I still don’t like the idea of living in a place where I don’t belong. But it is encouraging to know that hypothetically, if it were ever to happen that I was transplanted into a weird and different country, maybe I could be made into what I needed to be.
Saturday, April 11, 2009
Thanks to the economic slump, many of my friends (the non-China variety, anyway) seem to be buying houses this year. I would be lying if I said I didn’t get really jealous about that sometimes. I love houses. I went through this phase in middle school of wanting to be an architect. I borrowed the whole collection of house plan books from our local library and poured through them. I stocked up on graph paper and designed a bunch of my own houses. When I realized that architecture required a whole lot of math, that plan died really quickly, but I still like houses.
I know that I have it pretty good here. Our apartment is really nice and big. But an apartment is just not as cool as a house. I was reading part of Beverly Cleary's autobiography recently, and she said her mother told her not to trust people who lived in apartments. Something about those kind of people not being stable enough. Sure, it was the 1930’s, but I thought that was pretty funny. And possibly true. We don't even stay in one place long enough to successfully grow house plants.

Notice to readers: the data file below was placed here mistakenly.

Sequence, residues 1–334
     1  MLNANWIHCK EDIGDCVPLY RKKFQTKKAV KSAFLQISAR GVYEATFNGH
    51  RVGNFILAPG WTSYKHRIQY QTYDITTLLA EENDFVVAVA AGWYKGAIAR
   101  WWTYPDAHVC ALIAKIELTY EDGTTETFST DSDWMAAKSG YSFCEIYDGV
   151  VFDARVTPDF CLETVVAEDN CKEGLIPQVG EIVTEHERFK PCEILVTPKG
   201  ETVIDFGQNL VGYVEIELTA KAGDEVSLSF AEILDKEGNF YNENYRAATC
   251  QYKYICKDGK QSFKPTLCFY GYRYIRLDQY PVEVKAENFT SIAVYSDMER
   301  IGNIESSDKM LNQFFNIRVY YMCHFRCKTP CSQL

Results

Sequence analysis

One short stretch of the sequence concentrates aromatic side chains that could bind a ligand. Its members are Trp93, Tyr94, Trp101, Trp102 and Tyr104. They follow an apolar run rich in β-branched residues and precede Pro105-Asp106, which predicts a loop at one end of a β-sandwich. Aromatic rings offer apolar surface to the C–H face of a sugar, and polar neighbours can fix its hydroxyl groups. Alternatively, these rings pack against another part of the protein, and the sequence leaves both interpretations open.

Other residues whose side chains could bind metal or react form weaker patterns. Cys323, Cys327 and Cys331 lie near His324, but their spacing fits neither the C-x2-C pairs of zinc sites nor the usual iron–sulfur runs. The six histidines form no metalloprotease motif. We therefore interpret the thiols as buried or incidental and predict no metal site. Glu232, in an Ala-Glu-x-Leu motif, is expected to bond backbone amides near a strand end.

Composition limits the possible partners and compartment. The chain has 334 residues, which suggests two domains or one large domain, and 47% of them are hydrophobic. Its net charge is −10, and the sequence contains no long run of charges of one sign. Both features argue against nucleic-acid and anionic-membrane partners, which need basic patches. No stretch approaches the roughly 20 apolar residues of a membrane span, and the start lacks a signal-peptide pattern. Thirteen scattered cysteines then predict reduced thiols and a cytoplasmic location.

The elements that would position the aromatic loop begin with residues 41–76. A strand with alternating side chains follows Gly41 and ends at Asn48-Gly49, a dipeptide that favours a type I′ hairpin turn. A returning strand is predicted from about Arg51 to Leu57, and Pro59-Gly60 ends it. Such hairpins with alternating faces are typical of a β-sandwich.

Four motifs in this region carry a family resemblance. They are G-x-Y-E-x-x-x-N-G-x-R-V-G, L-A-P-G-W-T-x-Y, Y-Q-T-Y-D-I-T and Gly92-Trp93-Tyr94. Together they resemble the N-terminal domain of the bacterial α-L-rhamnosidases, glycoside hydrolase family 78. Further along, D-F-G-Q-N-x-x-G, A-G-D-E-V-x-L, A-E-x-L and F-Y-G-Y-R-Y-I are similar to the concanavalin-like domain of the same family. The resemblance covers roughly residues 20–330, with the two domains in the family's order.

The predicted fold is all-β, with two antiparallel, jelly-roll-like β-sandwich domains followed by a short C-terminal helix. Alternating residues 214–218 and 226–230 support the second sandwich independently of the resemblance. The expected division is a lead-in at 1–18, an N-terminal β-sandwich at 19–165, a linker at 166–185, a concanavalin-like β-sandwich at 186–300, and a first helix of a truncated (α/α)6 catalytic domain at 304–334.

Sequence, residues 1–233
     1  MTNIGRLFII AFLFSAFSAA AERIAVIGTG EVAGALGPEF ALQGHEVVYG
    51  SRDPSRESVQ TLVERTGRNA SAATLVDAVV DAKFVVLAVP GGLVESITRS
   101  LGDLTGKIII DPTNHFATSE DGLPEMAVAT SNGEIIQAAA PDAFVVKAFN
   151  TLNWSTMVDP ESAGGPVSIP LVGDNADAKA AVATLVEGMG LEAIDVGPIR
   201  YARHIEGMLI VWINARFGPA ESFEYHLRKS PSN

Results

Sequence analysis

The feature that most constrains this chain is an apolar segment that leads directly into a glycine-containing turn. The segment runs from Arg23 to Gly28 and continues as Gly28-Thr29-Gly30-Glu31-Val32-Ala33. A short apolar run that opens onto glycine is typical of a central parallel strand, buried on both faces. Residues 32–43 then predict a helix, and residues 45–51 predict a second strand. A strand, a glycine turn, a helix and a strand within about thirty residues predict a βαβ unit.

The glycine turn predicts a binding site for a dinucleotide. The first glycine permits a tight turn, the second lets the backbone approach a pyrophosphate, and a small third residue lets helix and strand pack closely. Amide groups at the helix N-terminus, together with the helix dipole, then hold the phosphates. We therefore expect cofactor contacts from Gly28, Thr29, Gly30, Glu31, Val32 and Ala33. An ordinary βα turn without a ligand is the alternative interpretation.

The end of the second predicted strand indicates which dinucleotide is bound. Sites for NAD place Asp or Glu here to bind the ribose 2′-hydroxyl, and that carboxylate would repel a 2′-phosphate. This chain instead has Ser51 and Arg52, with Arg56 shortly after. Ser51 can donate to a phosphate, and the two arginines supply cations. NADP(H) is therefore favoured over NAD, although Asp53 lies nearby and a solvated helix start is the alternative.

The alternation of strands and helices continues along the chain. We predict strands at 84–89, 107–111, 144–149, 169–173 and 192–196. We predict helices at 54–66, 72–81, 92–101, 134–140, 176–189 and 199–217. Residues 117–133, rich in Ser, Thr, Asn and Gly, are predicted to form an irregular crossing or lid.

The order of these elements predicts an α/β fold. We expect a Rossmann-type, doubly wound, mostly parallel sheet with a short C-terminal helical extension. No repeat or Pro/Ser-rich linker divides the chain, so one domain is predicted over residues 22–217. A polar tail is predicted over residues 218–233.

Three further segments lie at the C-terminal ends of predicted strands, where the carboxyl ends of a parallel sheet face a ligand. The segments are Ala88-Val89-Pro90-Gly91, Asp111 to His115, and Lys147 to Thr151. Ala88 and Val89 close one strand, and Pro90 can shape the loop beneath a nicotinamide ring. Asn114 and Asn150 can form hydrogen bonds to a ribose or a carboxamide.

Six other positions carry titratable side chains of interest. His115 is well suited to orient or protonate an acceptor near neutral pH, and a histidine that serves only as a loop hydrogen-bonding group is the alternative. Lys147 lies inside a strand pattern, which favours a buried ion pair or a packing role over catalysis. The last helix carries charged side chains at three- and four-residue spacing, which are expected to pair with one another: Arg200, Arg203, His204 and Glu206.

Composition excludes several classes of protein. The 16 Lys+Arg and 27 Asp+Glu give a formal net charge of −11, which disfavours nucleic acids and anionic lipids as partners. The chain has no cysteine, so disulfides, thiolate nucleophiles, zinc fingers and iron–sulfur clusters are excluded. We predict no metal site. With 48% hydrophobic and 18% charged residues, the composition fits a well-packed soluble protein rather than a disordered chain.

Our apartment is only a few years old but it already has some interesting quirks. For example, last night a bird tried to push through the paper cup blocking the hole in the wall. It freaked me out a little at first because it reminded me of a certain bat episode when I was younger. Then I thought about how it was a little strange to have a paper cup forming part of my wall.
Over the past few months, the outer walls have become covered with dark spots where some kind of nails from the wall joints show through or maybe rusted through the plaster. They have gradually become darker until the walls now look like they have a pox. We asked the school if we could paint the walls but they said no. They do own the apartment, so I guess that is reasonable. I really miss being able to paint, though. Sometimes I just browse through sherwinwilliams.com enjoying all the different paint colors. Since we can’t paint, I was hoping to hang something up to cover part one of the diseased walls.
But today we discovered that while the inside walls of the apartment are indestructible concrete that destroys anything less than extra strength nails, the outer walls are flimsy plaster which crumble under the pressure of a nail. Instead of covering up part of the wall, we just ended up with a couple of caved in spots in the plaster.
With the coming of warm weather, we have had a lot more interactions with the kitchen drain, as well. It feels like interactions, anyway, with the drain speaking through a variety of different smells. There is the classic bad drain smell that wafts up whenever someone in one of the eight stories above us flushes the toilet. Then there is the rotten egg smell. The old garbage smell. The garden dirt smell. And the most original so far – the browning hamburger smell. That one was actually kind of nice. It made it seem like I was cooking. I don’t mind garden dirt either; it smells like wet dirt after a warm rain. I just don't think it fits very well in the kitchen.